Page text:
I am being somewhat optimistic and believe at this point that there is no grand conspiracy that will take over our country. On a daily basis I talk with family and friends who believe in such conspiracy theories. Around here the worst one is the "tent city" conspiracy following in with a close second is the United Nations to take away American's guns.

The one thing I find of most interest in all of this is that dates come and go and no change. Promised conspiracies never pan out. I have been told my whole life about the reality of all these conspiracies and have always been told they are right around the corner. I am now approaching middle age and soon into retirement and still no promised conspiracies have yet to pan out.

I have never given Bensons warnings of this "conspiracy" much weight due to that fact that I have yet to see any real credible evidence or witness of these events. People always stae that it is happening and I ask them- "ok, give me a for instance". And so they grudgingly do come up with some obscure idea that in the end turns out to be some rumor put out by some extreme right wing group.

What people in general fail to realize is that we are a Christian nation- Zion if you will, and that the great conspiracy that was prophesied has already failed, and that was some 60 years ago!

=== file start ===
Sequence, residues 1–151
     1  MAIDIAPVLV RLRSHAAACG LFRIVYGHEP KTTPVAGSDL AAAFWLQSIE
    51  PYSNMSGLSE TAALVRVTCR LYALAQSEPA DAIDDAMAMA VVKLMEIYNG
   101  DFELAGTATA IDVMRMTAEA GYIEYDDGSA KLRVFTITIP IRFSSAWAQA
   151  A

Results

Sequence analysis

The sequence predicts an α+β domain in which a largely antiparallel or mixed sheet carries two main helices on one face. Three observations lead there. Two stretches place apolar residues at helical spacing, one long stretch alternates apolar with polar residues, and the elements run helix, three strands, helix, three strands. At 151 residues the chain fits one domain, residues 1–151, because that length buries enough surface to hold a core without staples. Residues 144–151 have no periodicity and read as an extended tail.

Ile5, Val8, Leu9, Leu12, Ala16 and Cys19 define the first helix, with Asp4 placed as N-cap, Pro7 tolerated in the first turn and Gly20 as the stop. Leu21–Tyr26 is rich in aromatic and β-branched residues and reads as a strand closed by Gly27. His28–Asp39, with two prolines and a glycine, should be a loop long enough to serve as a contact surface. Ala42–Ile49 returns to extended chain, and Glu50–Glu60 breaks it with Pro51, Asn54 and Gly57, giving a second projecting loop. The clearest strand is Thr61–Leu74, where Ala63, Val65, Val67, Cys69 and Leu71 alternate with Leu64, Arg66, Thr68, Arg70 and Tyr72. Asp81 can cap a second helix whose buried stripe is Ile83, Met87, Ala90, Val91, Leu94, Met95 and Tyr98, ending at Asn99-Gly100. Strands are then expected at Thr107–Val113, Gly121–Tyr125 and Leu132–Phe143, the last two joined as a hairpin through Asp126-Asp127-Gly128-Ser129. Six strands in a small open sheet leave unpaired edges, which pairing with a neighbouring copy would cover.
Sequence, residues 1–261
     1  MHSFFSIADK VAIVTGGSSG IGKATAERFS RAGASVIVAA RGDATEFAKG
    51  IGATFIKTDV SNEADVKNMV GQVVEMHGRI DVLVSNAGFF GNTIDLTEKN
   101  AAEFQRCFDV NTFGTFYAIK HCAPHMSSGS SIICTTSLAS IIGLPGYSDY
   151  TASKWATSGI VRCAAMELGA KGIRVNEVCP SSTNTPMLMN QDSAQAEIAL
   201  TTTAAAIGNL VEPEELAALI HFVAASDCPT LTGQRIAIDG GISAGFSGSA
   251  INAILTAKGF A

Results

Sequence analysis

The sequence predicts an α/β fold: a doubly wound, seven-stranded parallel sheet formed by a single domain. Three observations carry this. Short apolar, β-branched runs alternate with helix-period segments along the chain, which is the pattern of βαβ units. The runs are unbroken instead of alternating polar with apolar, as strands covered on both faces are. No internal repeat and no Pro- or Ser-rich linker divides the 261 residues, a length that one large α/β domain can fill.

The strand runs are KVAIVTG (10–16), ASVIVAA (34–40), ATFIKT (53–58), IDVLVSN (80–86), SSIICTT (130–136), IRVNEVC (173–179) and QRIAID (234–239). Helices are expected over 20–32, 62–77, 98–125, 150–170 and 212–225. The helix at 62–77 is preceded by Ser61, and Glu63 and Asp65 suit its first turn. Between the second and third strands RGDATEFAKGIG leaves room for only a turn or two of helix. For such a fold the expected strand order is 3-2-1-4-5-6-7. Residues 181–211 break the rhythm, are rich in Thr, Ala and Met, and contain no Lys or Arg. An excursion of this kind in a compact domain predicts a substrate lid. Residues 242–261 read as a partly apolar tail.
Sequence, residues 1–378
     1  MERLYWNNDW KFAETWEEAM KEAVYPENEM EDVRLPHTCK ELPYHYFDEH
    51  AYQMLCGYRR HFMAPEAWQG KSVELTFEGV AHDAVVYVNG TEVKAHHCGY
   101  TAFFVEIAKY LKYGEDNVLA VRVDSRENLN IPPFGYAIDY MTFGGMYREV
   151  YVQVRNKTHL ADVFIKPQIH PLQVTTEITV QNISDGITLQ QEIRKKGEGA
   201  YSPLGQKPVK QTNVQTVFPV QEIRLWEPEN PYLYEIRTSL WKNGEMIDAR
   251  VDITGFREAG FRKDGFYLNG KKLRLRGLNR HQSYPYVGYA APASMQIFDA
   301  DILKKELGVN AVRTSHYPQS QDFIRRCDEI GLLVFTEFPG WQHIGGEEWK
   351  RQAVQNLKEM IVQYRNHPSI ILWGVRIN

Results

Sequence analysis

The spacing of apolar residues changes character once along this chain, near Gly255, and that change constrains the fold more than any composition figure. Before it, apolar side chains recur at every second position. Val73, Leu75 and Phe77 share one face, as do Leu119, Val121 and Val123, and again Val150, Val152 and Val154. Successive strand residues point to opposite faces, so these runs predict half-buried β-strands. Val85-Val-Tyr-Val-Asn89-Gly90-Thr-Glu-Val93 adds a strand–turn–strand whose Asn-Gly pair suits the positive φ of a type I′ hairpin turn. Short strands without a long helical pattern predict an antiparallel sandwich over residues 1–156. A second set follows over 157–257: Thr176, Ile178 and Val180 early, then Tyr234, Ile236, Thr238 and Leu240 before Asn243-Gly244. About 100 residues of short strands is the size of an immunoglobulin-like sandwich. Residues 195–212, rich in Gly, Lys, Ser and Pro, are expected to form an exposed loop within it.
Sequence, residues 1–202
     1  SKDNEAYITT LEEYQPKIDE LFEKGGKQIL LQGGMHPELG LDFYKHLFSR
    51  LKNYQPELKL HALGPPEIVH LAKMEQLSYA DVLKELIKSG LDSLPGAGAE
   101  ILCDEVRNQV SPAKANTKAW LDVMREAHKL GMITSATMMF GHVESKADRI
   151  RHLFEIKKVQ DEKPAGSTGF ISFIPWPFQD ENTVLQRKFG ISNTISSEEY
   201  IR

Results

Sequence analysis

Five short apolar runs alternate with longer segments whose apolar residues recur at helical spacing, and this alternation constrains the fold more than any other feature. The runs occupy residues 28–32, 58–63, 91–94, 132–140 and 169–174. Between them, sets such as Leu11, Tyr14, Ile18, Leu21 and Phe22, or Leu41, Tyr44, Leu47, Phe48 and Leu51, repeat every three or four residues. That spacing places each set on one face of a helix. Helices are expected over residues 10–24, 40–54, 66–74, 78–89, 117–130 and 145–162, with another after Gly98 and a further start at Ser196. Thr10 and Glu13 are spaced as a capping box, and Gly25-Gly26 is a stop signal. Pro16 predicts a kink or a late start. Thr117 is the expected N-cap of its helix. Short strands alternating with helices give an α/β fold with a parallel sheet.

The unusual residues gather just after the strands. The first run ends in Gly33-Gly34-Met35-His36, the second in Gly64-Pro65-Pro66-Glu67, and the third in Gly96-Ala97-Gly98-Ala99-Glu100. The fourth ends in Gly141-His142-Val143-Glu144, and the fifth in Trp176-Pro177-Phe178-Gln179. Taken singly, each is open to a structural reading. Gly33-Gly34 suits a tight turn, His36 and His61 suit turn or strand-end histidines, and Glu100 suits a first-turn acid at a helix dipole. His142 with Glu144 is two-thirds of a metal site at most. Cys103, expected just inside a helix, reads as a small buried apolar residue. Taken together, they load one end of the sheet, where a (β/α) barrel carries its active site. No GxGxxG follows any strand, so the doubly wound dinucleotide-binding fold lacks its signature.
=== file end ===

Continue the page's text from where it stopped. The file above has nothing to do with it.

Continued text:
I may be wrong but I doubt it!

Rob Osborn.

12/15/2010 10:52:00 PM  
Anonymous Dave C. said...

A very interesting topic, however I think that we should take a bold step and venture beyond speculation. I will start the bidding by proposing a legitimate organization that may fit the bill:

The federal reserve.

Any other ideas?

12/16/2010 10:00:00 PM  
Anonymous Anonymous said...

The Fed doesn't work very well.

First, the governors are appointed by the President and approved by the Senate.

Second, its meetings are "secret" but they publish detailed minutes a month or so afterwards.

Third, they are subject to congressional oversight (next chair of the subcommittee is Ron Paul -- a huge critic).

If they are a secret society, they are doing a poor job of the secret part.

I nominate the John Birch Society. It is a secret society and according to Robert Welch's Blue Book, infiltrates local community organizations in order to manipulate them --- targets in the path have been the PTA, community clubs, political groups, etc. The membership is secret and it is organized in to local cells (Welch uses that term in The Blue Book).

12/17/2010 08:32:00 AM  
Anonymous Anonymous said...

The Federal Reserve? Where are your references? I don't buy it.

Rob Osborn

12/17/2010 09:04:00 AM  
Blogger R. Gary said...

This discussion is about Benson's point of view being acceptable to Mormons. When comments move too far in the direction of mocking him, they won't be published.

12/17/2010 09:46:00 AM  
Anonymous Paul V said...

Hi Gary,
I think I disagree with you on many things, but I try to take the time to see what you are saying. And I think about it.

In the case of this post, I totally agree. I believe that it is acceptable (and even necessary) for each person to form their own opinion as they consider what the evidence is and what others have said.